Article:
Following news that San Francisco is working to implement a new plan to help combat homelessness, Oakland is now debating whether to declare their own shelter crisis.

Oakland North reports that the city council voted on an ordinance to declare a shelter crisis, but it only received five out of six required votes. But instead of being dismissed completely, the ordinance was deferred to be read again at tonight's council meeting, and just like last week, Homeless Advocacy Working Group (HAWG) members are planning on attending to voice their support of the emergency ordinance.

In a chat with Oakland North after last week's meeting, Jonah Strauss, executive director of the Oakland Warehouse Coalition and a volunteer with HAWG, expressed optimism regarding the vote. Strauss said, "It was really heartening to see that five out of six council members that were there at the time were in support of the urgency finding to pass the shelter crisis ordinance that night. That gave me a good heads up for what we can expect on October 3, and possibly in the future, with these councilmembers."

As winter approaches, it seems like the impetus to pass such an ordinance will only ramp up. With colder weather on the way, the city's estimated 2,761 homeless people will obviously be in search of warm, comfortable shelter. According to Oakland North's numbers, only 859 are able to get shelter. On top of that, only 350 emergency shelter beds are available for overnight stays, with 110 extra added later on for the winter months — not nearly enough to give everyone a place to stay. The hope is that the emergency ordinance would open up more space, at least temporarily. It would do this by allowing the suspension of a few rules and regulations, making it possible for people to be placed in what's considered non-residential spaces (i.e., warehouses and the like).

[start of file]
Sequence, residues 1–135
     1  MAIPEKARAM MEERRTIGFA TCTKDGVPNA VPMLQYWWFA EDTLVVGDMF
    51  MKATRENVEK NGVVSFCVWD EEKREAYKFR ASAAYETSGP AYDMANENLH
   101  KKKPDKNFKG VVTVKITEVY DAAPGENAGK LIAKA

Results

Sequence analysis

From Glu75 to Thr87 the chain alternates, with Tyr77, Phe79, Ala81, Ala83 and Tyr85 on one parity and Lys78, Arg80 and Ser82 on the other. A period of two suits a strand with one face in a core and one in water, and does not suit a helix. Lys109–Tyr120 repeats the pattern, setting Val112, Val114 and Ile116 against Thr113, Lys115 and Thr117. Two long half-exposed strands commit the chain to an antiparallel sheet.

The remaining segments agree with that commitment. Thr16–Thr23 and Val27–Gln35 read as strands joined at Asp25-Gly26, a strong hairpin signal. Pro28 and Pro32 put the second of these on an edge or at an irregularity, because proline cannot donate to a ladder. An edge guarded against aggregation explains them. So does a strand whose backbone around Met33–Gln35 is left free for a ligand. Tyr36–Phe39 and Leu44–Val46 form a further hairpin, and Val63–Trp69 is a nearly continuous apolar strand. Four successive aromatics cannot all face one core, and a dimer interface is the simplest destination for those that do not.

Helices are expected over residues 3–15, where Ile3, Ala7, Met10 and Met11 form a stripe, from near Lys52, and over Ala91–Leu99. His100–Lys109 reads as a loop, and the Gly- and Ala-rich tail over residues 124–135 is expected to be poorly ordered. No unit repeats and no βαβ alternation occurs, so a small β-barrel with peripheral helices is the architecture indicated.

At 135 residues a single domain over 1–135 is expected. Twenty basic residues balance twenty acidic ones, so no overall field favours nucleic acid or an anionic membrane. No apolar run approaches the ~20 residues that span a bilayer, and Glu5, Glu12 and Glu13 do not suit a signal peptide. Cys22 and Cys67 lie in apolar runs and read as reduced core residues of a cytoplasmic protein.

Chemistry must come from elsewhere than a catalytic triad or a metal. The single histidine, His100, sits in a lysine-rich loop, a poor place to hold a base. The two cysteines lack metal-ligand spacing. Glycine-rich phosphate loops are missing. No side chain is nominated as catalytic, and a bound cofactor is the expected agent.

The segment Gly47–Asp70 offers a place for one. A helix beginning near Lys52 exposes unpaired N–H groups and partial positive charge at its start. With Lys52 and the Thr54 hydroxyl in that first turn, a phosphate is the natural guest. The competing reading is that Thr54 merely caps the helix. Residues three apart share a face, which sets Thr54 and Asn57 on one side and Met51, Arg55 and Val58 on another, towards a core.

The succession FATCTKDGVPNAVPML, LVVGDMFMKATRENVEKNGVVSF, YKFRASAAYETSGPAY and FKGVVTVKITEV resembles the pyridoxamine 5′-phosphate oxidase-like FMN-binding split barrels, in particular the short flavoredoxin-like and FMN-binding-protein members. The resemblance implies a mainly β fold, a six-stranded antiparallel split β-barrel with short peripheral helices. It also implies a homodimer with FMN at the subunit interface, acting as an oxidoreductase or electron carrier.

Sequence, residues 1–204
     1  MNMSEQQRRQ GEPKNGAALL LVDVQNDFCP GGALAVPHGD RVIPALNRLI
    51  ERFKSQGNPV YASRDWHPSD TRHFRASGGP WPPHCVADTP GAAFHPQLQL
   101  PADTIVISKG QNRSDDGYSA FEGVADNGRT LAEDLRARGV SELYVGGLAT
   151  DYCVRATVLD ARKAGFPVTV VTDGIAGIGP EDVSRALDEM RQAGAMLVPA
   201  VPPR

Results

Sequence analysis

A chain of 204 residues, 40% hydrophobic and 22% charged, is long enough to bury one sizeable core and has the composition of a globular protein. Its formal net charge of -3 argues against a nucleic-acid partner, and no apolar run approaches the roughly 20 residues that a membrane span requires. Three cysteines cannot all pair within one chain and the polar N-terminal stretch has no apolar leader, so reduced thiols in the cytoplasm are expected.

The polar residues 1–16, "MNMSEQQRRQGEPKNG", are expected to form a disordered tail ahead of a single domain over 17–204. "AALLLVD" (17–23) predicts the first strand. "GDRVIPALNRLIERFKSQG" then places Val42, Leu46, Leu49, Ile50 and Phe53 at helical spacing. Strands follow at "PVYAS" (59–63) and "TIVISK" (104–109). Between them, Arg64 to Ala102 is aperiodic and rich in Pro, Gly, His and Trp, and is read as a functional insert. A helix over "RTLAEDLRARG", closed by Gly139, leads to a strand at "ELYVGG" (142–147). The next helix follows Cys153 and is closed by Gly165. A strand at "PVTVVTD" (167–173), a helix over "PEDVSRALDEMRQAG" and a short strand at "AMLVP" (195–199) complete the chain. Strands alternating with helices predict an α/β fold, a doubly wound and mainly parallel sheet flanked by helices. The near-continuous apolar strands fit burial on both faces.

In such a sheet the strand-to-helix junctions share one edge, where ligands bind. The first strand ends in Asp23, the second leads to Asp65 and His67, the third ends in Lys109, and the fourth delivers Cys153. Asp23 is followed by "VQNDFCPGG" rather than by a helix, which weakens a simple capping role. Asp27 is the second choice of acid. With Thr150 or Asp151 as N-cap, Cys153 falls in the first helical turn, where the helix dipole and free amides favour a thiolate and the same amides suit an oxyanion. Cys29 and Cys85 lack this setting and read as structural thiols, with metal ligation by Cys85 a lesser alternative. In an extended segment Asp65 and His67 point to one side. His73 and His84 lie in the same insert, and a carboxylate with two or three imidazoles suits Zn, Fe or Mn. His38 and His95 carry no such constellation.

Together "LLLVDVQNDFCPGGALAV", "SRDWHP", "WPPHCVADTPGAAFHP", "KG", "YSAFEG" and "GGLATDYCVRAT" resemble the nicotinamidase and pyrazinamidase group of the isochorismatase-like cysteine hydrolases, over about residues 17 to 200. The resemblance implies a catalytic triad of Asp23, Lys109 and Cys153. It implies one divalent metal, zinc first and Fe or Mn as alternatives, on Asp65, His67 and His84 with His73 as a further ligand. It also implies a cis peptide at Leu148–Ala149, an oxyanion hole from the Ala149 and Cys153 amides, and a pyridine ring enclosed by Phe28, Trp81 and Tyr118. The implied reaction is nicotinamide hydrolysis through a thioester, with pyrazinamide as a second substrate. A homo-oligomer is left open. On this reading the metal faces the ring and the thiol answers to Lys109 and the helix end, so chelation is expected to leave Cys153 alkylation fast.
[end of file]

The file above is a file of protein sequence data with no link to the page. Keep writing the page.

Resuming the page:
This isn't the first time Oakland has passed a similar emergency ordinance, though. Back in 2015, Oakland moved to declare a shelter crisis, and provided housing at the Garden Center at Lake Merritt. As well, they made plans to look into developing "tiny house" communities. Recently, Mayor Libby Schaaf introduced plans to create something similar to these communities, as she moved forward on plans to house homeless folks in a city-sanctioned camp made up of Tuff Sheds. Mayor Schaaf called these sheds "outdoor navigation centers," and said that they would be placed near existing homeless encampments.

As in nearly everything, what it comes down to is money. The city seems primarily concerned with the cost of maintaining additional shelters. For example, Oakland has already allocated $550,000 to Mayor Schaaf's outdoor Navigation Center plan, and the Chron says that it will still need "private help" on top of that.

The declaration of a shelter crisis, something San Francisco's Board of Supervisors previously did in early 2016, is akin to a state of emergency declaration, and historically has more often been used after natural disasters in that it allows the city to apply for more federal aid, as well as allocating public lands to the problem.

But according to HAWG member Needa Bee, this ordinance actually isn't about money. She told Oakland North, "What we keep on hearing is that there just isn’t enough money. And what we keep on saying is that we don’t need the money, just give us the land."

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